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# What exactly are matrices used for? watch

1. What real world applications are they used in? I understand how they work but what sort of application would they be used for?
2. (Original post by AishaGirl)
What real world applications are they used in? I understand how they work but what sort of application would they be used for?
There's a bunch of examples but my favourite is how matrices are used in computer graphics to display 3D images on a 2D screen.
3. (Original post by AishaGirl)
What real world applications are they used in? I understand how they work but what sort of application would they be used for?
Matrices are used all over maths but for uses outside maths:

"Data that can be organized in rows and columns can be represented as a matrix. In computer science, matrices are used in the projection of three dimensional images into two dimensional screens. Scholastic matrices are used by page rank algorithms*. Cryptography is also implemented using matrices.

In physics, matrices are applied in optics, quantum mechanics and electrical circuits. Matrices can also be used to represent real-world data like the traits or habits of a population. Matrices are also applied in economics to study stock market trends and to optimize profit and minimize loss, in chemistry to find quantities in a chemical solution, and in genetics to work out the selection process."

*Page rank algorithms are used by internet search engines e.g. Google.
4. (Original post by AishaGirl)
What real world applications are they used in? I understand how they work but what sort of application would they be used for?
So much! In my first year of undergraduate maths and physics, matrices have cropped up pretty much in all sorts of places. The applications to applied mathematics (i.e. physics) is huge. The rotations that matrices can represent make them excellent for particle physics and looking at rotational symmetries. Other sorts of symmetries in particle physics also make use of matrices. Saying that, a pretty large proportion of physics in general makes use of matrices.

Matrices can be used to solve systems of equations. Solving simultaneous equations with four variables can be tedious enough, but when there is data that introduces many more variables, it'd be a complete mess to do it by hand. Row reductions can be performed on matrices to make this much more simpler. So data handling using matrices is quite a good one. The Jacobean matrix is also quite a useful one when it comes to looking at ordinary differential equations - which themselves have many real-world applications. It's also useful for looking at integrals in more than one dimension where variable transformations are needed - again, multiple integrals themselves have important real world applications (e.g. pressure-volume / gaussian surfaces in physics).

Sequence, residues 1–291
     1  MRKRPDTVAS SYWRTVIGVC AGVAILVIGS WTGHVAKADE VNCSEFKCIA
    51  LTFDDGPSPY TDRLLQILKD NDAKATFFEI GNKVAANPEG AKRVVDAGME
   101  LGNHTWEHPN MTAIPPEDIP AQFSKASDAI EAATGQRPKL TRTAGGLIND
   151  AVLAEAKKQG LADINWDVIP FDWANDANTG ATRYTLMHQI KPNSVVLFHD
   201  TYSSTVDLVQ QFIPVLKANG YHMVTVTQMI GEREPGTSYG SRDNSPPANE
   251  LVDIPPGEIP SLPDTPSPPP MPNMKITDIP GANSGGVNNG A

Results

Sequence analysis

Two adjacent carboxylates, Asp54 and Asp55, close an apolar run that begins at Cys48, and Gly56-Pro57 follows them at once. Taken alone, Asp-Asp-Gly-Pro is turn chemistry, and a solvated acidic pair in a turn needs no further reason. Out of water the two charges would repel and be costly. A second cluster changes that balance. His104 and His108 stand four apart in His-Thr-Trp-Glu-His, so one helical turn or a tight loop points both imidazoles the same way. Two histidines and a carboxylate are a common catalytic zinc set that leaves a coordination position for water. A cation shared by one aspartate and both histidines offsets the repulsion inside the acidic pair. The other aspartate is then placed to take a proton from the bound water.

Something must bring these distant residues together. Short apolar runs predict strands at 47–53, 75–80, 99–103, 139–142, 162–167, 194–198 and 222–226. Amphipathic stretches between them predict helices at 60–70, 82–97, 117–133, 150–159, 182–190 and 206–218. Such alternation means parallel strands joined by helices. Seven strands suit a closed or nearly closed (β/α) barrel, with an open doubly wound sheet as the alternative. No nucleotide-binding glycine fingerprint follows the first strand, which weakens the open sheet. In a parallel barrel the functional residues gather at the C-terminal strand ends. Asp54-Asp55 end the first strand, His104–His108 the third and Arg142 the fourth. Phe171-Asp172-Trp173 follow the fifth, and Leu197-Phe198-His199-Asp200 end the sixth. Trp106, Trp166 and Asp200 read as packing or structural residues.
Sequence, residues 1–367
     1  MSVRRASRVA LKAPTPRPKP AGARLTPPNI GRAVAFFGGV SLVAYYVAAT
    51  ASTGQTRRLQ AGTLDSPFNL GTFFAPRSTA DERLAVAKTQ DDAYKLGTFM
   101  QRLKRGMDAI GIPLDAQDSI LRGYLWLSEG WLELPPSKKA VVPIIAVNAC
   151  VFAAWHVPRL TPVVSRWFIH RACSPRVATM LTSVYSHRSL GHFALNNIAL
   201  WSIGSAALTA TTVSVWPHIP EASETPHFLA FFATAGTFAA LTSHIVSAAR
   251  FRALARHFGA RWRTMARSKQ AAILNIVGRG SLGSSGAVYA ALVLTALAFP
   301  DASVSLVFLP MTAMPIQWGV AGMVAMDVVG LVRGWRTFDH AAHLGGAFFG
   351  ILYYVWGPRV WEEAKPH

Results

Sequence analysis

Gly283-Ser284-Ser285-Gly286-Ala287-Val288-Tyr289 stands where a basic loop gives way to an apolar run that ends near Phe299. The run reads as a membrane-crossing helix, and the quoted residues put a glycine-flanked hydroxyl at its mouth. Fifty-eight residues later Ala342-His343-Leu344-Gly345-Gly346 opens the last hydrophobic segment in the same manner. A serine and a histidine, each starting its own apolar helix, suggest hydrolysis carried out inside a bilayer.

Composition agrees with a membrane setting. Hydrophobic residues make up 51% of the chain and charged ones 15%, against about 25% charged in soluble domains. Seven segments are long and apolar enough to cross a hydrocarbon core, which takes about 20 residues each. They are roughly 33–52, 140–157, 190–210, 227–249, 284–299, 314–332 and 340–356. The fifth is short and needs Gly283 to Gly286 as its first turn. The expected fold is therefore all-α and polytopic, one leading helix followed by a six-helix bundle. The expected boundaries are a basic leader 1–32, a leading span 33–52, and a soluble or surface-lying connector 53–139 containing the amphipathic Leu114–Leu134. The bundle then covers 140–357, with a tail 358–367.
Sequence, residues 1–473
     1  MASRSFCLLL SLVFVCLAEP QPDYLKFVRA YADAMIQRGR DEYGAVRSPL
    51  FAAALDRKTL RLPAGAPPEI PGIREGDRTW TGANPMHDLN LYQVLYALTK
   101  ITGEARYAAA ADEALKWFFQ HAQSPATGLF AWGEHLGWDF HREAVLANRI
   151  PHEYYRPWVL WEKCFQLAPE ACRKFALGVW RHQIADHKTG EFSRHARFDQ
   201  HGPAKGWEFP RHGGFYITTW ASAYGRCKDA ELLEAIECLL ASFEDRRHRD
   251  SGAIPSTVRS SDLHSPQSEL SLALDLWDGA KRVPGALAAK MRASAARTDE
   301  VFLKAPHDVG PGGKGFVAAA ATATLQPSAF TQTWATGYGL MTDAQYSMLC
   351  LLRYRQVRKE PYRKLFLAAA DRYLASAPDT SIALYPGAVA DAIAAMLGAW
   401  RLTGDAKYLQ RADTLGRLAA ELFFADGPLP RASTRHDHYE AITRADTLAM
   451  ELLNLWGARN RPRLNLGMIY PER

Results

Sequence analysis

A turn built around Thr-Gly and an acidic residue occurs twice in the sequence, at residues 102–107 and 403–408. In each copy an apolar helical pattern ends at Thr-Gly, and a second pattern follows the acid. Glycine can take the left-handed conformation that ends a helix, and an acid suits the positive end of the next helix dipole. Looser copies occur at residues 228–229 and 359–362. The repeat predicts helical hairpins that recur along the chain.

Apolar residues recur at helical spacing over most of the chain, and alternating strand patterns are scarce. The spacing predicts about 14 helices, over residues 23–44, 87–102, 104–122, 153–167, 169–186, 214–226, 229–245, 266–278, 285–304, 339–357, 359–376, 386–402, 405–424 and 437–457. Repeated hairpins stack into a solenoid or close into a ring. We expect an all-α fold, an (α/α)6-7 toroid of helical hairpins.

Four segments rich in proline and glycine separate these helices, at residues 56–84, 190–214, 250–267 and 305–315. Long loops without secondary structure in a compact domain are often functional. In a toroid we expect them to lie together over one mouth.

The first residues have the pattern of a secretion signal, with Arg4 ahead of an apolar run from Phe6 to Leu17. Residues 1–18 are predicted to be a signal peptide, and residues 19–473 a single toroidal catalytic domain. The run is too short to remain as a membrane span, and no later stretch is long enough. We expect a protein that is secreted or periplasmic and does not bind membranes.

From what I've seen, I'd also say that matrices are just generally very good tools in making much more advanced maths (and mathematical physics) simpler. So a lot of other applications can also be found in how they form incredible forms of machinery that allow for other 'steps' in maths/physics to be made.
5. So are matrices used mostly for data management rather than actually solving a specific problem?
6. (Original post by AishaGirl)
So are matrices used mostly for data management rather than actually solving a specific problem?
They are also used to solve equations which describe 'real-life' problems.

There is not just one specific use but many ...
7. (Original post by AishaGirl)
So are matrices used mostly for data management rather than actually solving a specific problem?
This is a (small) issue I have with what Notnek quoted. As I see it, there's a distinction between "a rectangular arrangement of data as rows and columns" (which I'd call a 2D-array) and the mathematical concept of a matrix, which has particular operations defined (in particular matrix multiplication, which is quite different from data management). 2D-arrays are used all over the place for what you call data-management, and this is far more common than any use that actually requires you to know anything about matrices.

As a particular instance, images are a common example of something typically represented as a rectangular arrangement of data, but not really having anything to do with matrices.

But anything where you applying a linear transformation to something is typically going to be represented by a matrix. And it's more than just linear problems in practice; we solve a huge number of non-linear problems by assuming that for small changes, we can treat the problem as linear (and then add up the result of lots and lots of small changes).

That said, if I'm completely honest, most people aren't ever going to use matrices once they leave academia. I work in computer graphics and its surprising how many people I work with aren't at all confident with matrix math.